Happy New Year

Source: Adobe Stock/Geargodz

Firstly, we want to wish all of our readers a Happy New Year!

With that said, well — that’s that for 2020.

Last year was a tumultuous one to say the least.

The coronavirus pandemic dominated the world’s attentions for much of the year. Economies struggled amid dropping demand and supply-chain challenges.

The rollout of vaccines last month offered some hope, but there remains a long road ahead.

In case you missed it, we recapped the most-viewed stories on MetalMiner last week, plus the most-viewed steel, aluminum and copper stories.

But with that, we will officially turn the page on 2020. Once again, we wish all of our MetalMiner readers around the world a Happy New Year!

Cut-to-length adders. Width and gauge adders. Coatings. Feel confident in knowing what you should be paying for metal with MetalMiner should-cost models.

import tariff

Dmitry/Adobe Stock

This morning in metals news: the U.S. announced it will adjust its tariffs on E.U. products imposed last year; the U.S.’s renewable energy consumption surpassed that of coal for the first time since before 1885; and metals prices have retraced slightly this week.

Find more insight on MetalMiner’s LinkedIn.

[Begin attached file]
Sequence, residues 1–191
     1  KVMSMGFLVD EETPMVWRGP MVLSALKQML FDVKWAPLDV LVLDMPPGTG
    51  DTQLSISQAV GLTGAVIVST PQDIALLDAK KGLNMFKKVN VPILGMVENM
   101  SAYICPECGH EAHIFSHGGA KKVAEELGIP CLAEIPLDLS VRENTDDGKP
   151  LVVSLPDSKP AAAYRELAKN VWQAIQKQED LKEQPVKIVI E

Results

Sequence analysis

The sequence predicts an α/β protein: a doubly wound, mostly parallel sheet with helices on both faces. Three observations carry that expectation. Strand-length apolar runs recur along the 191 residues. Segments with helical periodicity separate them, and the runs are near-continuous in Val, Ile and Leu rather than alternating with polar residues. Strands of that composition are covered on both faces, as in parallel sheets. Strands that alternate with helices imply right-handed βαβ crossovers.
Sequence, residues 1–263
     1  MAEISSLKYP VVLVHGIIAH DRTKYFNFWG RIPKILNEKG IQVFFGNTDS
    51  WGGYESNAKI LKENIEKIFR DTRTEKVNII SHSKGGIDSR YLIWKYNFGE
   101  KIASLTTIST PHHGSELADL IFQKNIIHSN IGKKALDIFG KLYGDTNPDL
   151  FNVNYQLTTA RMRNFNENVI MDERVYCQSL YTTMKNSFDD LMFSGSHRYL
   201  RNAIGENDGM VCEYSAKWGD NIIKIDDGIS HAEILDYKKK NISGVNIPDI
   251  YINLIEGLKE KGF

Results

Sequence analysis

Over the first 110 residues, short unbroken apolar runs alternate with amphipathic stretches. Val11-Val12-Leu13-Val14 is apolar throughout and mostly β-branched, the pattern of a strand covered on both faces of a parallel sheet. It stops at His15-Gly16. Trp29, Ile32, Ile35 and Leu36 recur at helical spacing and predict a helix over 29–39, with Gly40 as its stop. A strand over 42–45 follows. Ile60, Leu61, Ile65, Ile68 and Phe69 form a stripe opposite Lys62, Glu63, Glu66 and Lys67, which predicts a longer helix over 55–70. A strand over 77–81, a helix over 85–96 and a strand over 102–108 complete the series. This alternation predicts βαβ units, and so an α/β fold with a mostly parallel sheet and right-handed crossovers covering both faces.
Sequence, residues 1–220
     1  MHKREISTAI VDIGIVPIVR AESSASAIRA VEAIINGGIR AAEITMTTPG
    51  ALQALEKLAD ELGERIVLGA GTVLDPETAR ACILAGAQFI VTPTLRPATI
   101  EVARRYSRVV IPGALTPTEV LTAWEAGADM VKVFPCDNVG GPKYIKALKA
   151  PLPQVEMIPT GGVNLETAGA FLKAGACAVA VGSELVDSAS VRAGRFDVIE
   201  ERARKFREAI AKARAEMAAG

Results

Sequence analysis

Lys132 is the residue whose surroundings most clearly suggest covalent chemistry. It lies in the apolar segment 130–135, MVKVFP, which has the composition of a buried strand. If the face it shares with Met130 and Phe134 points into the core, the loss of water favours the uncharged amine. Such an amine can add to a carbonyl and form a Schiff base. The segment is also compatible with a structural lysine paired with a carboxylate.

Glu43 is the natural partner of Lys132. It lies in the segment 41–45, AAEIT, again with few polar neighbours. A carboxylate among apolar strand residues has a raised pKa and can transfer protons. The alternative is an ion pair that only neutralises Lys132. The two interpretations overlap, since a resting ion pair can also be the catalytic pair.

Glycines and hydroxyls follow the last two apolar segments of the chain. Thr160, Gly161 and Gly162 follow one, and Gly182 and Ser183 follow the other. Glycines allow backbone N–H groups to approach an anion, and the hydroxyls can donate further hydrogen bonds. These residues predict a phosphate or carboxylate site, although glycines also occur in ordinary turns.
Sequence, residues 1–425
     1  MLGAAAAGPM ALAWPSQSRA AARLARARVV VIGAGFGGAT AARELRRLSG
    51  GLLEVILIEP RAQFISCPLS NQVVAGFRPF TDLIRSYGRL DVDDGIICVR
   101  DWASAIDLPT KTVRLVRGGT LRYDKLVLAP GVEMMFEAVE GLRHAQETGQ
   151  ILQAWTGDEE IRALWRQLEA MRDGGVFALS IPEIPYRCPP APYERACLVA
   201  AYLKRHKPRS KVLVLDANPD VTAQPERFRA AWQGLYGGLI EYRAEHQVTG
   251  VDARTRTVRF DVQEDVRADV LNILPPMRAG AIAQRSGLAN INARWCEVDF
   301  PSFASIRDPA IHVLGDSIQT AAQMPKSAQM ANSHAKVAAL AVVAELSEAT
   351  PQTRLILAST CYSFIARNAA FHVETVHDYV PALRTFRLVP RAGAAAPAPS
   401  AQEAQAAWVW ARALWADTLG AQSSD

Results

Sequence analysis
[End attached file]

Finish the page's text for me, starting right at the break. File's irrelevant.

U.S. adjusts tariffs on E.U.

Last year, a WTO ruling authorized the U.S. to impose up to $7.5 billion worth in tariffs on E.U. products. The ruling came as a result of the long-running saga over government subsidies for Airbus in Europe.

Yesterday, the United States Trade Representative (USTR) announced the U.S. will adjust the previously announced tariffs, citing the scope of the E.U.’s countermeasures that hit against U.S. subsidies of Boeing.

“In September, 2020 the EU was authorized to impose tariffs affecting $4 billion in U.S. trade as a result of related WTO litigation,” the USTR said in a release. “In implementing its tariffs, however, the EU used trade data from a period in which trade volumes had been drastically reduced due to the horrific effects on the global economy from the COVID-19 virus.  The result of this choice was that Europe imposed tariffs on substantially more products than would have been covered if it had utilized a normal period.  Although the United States explained to the EU the distortive effect of its selected time period, the EU refused to change its approach.”


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